OTC drugs for fibroids may come with a vitamin D supplement or as an extract of a natural plant. If you need something stronger, do not proceed until you have consulted with your doctor.

Take Stock of Other Pills You Are Taking.

If you have fibroids with no symptoms, you may not even find out about your own condition until you begin taking a birth control pill or another kind of conflicting medication. If you find that your fibroids flare up after you take another pill, even if it is just a dietary supplement, then stop that regimen immediately and go see your doctor.

Consider Fibroid Embolization.

Fibroid embolization is a minimally invasive procedure that is conducted by an experienced physician to get rid of the main source of fibroid pain. It does require incisions, but they are small, and there is usually only one required. You will recover much more quickly and have many less side effects and pain from this treatment than from some of the more serious treatments that you may incur if your situation goes untreated for a long time.

Embolization may sometimes be used in the place of a hysterectomy, and studies have shown that just under 90 percent of women experience at least a small amount of relief after the procedure. Embolization helps to reduce the size of fibroids in the body, and the symptoms of fibroids are almost always reduced after the embolization procedure.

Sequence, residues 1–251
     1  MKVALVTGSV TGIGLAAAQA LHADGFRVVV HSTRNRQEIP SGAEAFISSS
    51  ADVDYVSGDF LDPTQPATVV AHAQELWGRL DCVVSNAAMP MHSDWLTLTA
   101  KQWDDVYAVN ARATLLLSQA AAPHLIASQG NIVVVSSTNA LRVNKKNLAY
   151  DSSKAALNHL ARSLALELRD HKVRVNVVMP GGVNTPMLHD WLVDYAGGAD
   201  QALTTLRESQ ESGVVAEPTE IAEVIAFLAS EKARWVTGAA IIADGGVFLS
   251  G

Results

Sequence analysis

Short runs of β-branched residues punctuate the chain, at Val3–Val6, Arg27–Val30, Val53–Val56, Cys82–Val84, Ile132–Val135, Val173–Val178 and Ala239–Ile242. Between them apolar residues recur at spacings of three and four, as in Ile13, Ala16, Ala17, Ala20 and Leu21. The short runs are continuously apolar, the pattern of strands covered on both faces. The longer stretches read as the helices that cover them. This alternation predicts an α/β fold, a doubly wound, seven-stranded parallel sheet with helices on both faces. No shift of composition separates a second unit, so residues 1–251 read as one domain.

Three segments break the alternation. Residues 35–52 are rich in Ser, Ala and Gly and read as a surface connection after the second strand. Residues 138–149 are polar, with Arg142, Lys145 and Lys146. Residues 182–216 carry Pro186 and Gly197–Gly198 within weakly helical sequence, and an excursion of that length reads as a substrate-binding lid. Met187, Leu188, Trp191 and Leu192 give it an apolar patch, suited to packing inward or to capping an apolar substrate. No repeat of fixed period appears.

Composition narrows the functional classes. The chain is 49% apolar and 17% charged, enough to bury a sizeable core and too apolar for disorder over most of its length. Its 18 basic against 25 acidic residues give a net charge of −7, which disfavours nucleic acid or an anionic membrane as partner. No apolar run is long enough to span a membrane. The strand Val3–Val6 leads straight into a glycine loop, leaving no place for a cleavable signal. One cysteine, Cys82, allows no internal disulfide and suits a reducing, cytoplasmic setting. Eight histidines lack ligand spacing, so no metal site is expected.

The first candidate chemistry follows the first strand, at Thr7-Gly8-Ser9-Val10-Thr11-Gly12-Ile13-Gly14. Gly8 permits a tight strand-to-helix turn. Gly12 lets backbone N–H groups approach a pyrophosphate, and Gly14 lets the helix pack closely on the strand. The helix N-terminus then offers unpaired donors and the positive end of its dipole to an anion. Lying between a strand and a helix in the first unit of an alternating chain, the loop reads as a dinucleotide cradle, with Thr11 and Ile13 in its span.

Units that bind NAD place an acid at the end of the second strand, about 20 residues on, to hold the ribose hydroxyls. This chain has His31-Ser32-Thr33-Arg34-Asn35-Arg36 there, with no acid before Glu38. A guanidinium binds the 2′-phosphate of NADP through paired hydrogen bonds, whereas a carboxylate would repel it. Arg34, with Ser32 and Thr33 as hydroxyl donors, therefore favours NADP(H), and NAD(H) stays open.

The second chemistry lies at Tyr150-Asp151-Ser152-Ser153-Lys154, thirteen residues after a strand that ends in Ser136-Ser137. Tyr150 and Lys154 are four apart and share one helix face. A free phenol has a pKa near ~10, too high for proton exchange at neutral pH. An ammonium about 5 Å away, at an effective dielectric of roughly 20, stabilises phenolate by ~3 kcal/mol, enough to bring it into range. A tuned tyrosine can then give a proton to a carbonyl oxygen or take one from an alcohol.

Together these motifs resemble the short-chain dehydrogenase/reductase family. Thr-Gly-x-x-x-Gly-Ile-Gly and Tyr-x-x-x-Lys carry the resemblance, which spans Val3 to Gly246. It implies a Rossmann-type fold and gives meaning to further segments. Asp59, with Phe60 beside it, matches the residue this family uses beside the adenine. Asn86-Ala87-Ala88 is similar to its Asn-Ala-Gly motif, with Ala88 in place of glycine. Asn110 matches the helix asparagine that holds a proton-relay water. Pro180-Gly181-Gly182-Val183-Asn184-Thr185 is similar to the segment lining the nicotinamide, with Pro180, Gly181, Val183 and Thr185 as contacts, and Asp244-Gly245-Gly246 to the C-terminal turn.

The Long Term Solutions

Yoga to Reduce Fibroid PainReduce the Stress in Your Life.

Studies have shown that people who are under more stress are more likely to develop fibroids. Although stress reduction is a long term solution that takes a certain period of time in order to notice physically, you will reduce the overall prevalence of fibroids in your life from this lifestyle change. You will also gradually reduce the symptoms of your fibroids in the present through a healthier lifestyle. You will have less of a use for over the counter solutions and relieve yourself of the side effects of those drugs as well.

Increase Your Vitamin D Intake.

One of the main reasons that African American women are three times more likely to develop fibroids than white women is because of the genetic predisposition towards less natural vitamin D production in the body. Take a vitamin D supplement every day if recommended by your doctor.

Determine Your Fibroid Type.

There are different treatment measures available for uterine fibroids versus calcified fibroids. The tip bellow this (Visit Your Doctor Regularly), although it may seem like a no brainer, will help you with this tip and speed up your overall treatment program exponentially. For instance, if you have a degenerating fibroid, you may require surgery, and it is better to know this earlier rather than later.

Visit Your Doctor Regularly.

Many women have worse problems than they deserve with fibroids because they do not visit the doctor on a regular basis. Only a practiced physician will be able to give you a regulated schedule that is sure to reduce your short term symptoms and better your long term condition. Before you assume that your doctor cannot help you, remember that you have only dealt directly with one case of fibroids: yours. Your doctor has dealt with many cases of fibroids from the many patients that he or she has seen.